At DD's karate school, students *earn* their belts. There are kids who have been in a year and are still white belts, and may never promote. DD will be promoting to blue next weekend (she's been in just under a year, this is her 2nd promotion)--though they don't guarantee that a student will pass the promotion just by participating. I think at the lower levels it's basically guaranteed, and they wouldn't recommend someone for promotion who wasn't ready at the orange and blue levels. They would rather have someone drop out than be given a belt that wasn't based on skill and character.

 

Wow. If I could find a school like that, I would switch her in a heartbeat. But how do you know? It's not the kind of thing you can easily determine with that one free introductory class - is it?

 

I think brown belt should mean "I am an accomplished karate student", not "I've been in for 4 years" or "my parents have money to invest in my activity".

 

This is one of the concerns I have with it. It kind of feels like the privilege of wealth is that you get to your black belt faster. It isn't supposed to be that way. You're supposed to earn it, not buy it.

 

If you're happy with your school and it's benefiting your DD, stick with it. But a school that is truly focused on skill, performance and character will produce superior results to a school that is focused on $$, IMHO.

 

I have to say that I was surprised and very impressed with my dd. At one point I was thinking about trying to get some of these private lessons for her, and she said no. She said she wanted to earn her belt the right way, by developing her skills, not by "cheating". I think the character lessons of the previous owner/teacher really stuck with her! And I will consider looking for a school that embodies that. I just wish I knew how to find one!

Link to comment
Share on other sites

"Do you know of others that are less belt focused"?

 

 

Brazilian Jiu-Jitsu, kids can only advance so far (belts), and then they must wait until they are around 16yrs of age to enter adult classes, there are no child Bjj black belts.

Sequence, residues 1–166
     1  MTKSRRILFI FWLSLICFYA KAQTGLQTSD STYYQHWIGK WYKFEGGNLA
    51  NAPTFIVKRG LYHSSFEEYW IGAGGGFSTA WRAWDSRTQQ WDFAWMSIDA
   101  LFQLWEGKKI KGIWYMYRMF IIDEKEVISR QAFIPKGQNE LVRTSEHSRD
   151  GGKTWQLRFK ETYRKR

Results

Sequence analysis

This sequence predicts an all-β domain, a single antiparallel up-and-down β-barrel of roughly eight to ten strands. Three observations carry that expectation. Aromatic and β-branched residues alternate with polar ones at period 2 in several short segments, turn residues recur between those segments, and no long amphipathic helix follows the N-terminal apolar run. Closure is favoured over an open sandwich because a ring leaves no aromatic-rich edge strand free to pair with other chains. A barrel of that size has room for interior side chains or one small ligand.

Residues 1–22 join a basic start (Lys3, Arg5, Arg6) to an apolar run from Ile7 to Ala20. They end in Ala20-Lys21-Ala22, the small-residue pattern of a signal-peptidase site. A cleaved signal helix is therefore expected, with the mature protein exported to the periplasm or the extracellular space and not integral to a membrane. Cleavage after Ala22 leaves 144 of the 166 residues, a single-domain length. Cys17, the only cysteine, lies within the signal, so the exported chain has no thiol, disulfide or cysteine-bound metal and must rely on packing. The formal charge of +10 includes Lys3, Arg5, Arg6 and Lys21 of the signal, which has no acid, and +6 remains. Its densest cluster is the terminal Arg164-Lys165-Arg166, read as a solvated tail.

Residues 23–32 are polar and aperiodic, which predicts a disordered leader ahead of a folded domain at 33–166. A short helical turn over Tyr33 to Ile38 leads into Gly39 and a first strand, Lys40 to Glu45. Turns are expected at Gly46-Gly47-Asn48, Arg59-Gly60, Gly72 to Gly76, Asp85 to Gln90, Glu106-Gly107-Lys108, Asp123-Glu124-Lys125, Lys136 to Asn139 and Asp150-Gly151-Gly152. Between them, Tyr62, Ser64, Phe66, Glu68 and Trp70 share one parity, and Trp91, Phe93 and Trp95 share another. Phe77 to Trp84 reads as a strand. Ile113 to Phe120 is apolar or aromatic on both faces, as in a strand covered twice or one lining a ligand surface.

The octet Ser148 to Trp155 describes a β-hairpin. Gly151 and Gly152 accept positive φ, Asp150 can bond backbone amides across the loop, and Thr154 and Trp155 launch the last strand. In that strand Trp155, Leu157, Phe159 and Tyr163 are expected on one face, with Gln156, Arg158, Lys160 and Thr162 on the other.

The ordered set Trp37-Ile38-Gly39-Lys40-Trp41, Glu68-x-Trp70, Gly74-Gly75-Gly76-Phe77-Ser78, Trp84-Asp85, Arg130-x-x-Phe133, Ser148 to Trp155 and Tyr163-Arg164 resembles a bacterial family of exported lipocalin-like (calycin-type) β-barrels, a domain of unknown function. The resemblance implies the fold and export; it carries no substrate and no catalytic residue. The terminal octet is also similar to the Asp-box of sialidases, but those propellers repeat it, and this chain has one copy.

Some gyms have started to copy the belt factory business model, but most still hold to tradition and belts are free and given to the student when they are ready by the instructor.

Link to comment
Share on other sites

"Do you know of others that are less belt focused"?

 

 

Brazilian Jiu-Jitsu, kids can only advance so far (belts), and then they must wait until they are around 16yrs of age to enter adult classes, there are no child Bjj black belts.

Some gyms have started to copy the belt factory business model, but most still hold to tradition and belts are free and given to the student when they are ready by the instructor.

 

Yeah but that's not a smooth transition from TKD or Karate.

 

ETA: to the OP...that studio is picking your pocket, move on to another

 

Finding a good school takes a while. You will have to observe a number of classes in a single studio. So many things to consider. Personally, I never go for character building. I just like to see a class well run with children under control. How hard are the kids working? How hard are the instructors working? How good are the black belts? How comfortable is the establishment talking about their fees?

Edited by LG Gone Wild
Link to comment
Share on other sites

Wow. If I could find a school like that, I would switch her in a heartbeat. But how do you know? It's not the kind of thing you can easily determine with that one free introductory class - is it?

 

 

I guess the only way (in addition to the class) I could think of is to ask the instructors how they determine a student is ready for belt testing. You wouldn't get the subtleties necessarily, but you'd get their basic policy. At our school, the handbook states 8 criteria that they use, the most important being skill, but they also look at academic performance, punctuality, willingness to help teach and train lower belts, presence at tournaments, etc. They also state that a student should not ask if he/she is ready to promote, it is determined solely by the Sensei. The Senseis are open (I think) to students asking what they can do to be ready to promote. They also run an intense program, which tends to weed out the non-serious student.

 

So besides finding out their policy, I would maybe ask the higher belt students (if you get the opportunity) what they did to get their belt? They would probably have a sense of whether it was earned or bought.

 

Our school is in WA, OR and Montana...I'm assuming you're not local, but if you are, let me know and I'll PM details.

 

Good luck!

Link to comment
Share on other sites

The more threads I read about martial arts, the more impressed and happy I am with my son's studio :D